As some of you who regularly read my blog know, I have been following the development of Miguel Fernandez’s DWI arrest (link) and serious criminal and fraud allegations against his company Transtelco. Fernandez was appointed to the UMC board by Vince Perez. His DWI case is still pending in court. The other more serious issue involves his business Transtelco, specifically his use of an Internet connection from the US into Mexico.
As many of you know, Transtelco is headquartered in the same building as the El Paso Times. Transtelco and the building housing the El Paso Times are both owned by Miguel Fernandez. In November, I showed you how Transtelco was issued a fiber contract by the City of El Paso and although the company was found to be using a City owned conduit between El Paso and Cd. Juárez without authority, the company was allowed to receive the contract and pay a fee to license the misuse of the City-owned property without any apparent ramifications. (link)
Later in November, I shared with you the allegations being made by a Mexican citizen, Mark Randolph James. James has alleged that Transtelco stole a multi-million-dollar Internet connection from him. (link) Additionally, James has alleged human rights violations and even death threats against him by Fernandez. The FCC, is also investigating Transtelco’s license.
Like the DWI case against Miguel Fernandez, this case against him is also making its way through the legal system. As promised, I am updating you on the latest information that I know about.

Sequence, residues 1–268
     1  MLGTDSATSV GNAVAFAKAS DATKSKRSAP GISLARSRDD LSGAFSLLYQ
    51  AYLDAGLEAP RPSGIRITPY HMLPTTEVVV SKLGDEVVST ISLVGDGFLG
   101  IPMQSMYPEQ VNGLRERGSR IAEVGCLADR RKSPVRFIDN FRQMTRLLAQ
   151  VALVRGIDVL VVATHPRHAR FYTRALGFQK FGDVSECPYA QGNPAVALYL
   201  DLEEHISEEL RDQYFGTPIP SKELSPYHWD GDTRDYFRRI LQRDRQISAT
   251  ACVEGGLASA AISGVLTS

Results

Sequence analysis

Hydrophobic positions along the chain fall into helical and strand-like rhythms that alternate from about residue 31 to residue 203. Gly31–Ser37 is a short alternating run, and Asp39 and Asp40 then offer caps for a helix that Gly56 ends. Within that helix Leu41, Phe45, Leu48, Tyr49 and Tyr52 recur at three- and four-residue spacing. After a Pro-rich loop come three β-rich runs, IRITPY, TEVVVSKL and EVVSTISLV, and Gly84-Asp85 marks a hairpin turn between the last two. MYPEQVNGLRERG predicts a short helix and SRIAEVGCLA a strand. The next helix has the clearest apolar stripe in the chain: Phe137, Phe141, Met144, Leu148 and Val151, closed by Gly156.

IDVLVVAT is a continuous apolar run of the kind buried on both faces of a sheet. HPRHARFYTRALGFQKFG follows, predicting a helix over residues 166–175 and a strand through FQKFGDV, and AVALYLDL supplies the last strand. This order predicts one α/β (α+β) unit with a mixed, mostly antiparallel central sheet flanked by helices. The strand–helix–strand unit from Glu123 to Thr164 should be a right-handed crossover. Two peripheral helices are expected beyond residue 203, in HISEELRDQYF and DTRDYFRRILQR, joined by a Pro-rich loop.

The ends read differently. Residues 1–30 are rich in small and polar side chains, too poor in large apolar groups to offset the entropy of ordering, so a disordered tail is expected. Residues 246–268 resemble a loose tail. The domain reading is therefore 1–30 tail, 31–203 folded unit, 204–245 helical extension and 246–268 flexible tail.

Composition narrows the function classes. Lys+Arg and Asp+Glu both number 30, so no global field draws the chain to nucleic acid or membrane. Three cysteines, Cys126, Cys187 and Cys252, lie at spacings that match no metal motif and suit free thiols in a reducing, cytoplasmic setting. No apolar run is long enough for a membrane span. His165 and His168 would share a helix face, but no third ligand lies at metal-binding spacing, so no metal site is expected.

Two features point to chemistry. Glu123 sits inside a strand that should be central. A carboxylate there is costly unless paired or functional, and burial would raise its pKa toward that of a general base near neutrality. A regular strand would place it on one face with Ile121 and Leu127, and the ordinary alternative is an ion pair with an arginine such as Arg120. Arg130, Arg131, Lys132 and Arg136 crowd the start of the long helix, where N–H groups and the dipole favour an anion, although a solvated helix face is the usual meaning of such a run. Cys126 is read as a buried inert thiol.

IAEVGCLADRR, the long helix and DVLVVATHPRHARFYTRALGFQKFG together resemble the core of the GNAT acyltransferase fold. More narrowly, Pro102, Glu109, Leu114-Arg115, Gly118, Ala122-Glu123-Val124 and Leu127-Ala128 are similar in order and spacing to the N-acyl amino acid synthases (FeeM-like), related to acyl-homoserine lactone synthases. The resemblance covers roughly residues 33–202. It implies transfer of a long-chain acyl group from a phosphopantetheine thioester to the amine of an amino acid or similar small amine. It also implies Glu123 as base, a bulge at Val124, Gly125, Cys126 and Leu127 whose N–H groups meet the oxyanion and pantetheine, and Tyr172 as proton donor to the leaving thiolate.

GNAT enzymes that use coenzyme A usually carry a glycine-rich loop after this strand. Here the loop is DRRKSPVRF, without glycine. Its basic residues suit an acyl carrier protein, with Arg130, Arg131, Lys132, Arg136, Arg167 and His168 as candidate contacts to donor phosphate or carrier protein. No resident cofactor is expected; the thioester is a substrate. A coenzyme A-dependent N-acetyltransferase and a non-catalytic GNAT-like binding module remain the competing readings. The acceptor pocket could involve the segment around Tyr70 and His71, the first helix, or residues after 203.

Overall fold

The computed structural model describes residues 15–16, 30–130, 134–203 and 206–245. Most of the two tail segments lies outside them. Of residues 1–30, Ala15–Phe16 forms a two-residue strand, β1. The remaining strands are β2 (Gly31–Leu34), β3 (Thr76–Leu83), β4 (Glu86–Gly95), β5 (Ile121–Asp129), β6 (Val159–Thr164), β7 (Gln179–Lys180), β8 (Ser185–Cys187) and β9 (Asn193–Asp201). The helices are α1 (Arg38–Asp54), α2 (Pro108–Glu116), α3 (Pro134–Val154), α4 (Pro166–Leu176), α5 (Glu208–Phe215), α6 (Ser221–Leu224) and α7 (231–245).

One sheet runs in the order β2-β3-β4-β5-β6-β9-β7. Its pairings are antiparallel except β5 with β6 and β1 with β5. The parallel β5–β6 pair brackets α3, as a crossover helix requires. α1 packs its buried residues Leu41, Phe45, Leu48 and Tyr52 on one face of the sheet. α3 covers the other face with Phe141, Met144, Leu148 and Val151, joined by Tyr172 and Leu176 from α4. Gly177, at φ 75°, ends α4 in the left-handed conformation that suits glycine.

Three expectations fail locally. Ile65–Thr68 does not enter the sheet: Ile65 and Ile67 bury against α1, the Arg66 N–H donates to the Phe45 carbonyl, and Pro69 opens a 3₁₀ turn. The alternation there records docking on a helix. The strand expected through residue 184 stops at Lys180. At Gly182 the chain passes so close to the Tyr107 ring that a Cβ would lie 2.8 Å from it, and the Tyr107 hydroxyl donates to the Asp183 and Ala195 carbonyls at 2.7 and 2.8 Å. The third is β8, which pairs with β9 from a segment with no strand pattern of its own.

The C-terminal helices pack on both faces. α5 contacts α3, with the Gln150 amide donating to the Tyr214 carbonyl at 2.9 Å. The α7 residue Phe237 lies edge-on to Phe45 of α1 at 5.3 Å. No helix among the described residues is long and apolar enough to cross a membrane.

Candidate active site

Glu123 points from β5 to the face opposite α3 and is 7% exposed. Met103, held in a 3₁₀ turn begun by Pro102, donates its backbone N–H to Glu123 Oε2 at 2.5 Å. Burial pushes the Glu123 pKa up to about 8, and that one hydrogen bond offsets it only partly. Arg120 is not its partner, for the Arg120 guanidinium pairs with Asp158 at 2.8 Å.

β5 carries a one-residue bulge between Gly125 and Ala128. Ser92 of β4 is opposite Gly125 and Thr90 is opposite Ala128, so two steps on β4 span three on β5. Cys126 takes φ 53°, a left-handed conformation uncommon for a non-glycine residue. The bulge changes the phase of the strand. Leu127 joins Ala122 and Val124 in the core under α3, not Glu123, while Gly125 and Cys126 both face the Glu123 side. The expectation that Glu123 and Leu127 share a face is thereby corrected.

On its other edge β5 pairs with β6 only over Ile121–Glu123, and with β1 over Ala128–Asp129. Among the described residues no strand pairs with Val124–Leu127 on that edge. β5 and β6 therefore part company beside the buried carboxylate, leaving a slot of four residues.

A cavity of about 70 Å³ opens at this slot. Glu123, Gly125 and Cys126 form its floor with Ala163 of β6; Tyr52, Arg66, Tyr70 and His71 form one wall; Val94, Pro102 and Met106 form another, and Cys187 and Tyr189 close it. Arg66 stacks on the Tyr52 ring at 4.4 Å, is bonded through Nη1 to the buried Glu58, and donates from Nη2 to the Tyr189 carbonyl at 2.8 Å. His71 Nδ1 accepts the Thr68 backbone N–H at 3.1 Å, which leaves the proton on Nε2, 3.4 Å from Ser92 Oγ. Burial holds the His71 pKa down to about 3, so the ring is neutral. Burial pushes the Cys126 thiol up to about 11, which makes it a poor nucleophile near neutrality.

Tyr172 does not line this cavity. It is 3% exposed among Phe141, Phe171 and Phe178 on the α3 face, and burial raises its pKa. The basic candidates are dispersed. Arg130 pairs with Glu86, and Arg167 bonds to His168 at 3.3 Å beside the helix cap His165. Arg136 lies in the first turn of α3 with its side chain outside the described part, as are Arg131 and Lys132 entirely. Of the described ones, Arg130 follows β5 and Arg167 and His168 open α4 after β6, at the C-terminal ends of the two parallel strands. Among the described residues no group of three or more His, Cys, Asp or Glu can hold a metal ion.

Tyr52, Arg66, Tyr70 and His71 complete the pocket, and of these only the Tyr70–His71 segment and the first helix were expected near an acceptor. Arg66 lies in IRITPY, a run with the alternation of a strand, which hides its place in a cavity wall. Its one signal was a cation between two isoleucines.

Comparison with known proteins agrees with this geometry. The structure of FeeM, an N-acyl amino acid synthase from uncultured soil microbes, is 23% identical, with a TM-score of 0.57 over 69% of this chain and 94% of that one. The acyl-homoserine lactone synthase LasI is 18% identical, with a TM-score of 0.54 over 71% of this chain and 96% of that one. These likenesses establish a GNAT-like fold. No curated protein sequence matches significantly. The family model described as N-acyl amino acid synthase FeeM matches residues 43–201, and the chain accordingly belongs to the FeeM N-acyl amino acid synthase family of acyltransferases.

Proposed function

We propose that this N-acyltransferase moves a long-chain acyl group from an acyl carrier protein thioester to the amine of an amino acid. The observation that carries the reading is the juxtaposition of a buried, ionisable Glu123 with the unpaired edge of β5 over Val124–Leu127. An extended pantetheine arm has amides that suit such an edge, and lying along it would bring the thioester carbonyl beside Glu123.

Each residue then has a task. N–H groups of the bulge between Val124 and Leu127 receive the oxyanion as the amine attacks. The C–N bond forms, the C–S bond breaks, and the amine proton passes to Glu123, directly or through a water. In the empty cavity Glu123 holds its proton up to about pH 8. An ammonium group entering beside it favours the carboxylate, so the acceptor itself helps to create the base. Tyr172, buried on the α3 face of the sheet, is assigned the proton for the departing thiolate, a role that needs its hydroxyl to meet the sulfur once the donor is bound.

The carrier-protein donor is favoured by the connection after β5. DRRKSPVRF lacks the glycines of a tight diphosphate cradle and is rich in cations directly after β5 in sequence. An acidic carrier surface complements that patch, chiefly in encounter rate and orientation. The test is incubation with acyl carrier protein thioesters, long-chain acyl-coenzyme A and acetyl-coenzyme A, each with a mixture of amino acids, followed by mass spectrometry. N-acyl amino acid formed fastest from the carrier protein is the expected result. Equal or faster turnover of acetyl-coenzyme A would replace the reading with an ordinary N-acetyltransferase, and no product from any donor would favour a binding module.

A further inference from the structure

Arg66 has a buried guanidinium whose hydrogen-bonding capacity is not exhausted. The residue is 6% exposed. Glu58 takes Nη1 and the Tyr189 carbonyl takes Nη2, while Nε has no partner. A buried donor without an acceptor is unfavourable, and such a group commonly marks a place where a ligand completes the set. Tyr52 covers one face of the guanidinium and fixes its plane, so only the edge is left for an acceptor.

On July 6, 2016, Mark Randolph James sent a four-page letter to Ted Cruz complaining about how the alleged Internet theft case and alleged death threats has been handled by the Justice Department and the FBI. James wrote;
“Sadly, it appears that the FBI is no longer willing to pursue its Citizens [sic] for crimes or apparent acts of violence or corruption outside the United States against foreigners, in particular Mexicans, even if these acts ultimately further result in the loss of real property or damage to persons in the United States.” [emphasis in the original letter]
“A result I can only attribute to my nationality, or the financial and political wherewithal (media influence) of the potential culprits in this particular case – ‘too big to prosecute’.” [original emphasis]
James concludes his letter to Ted Cruz by asking Cruz for guidance in understanding when the US became a country like Mexico, where impunity is the norm, rather than the exception.
I’ll keep you updated as I learn more about the pending cases.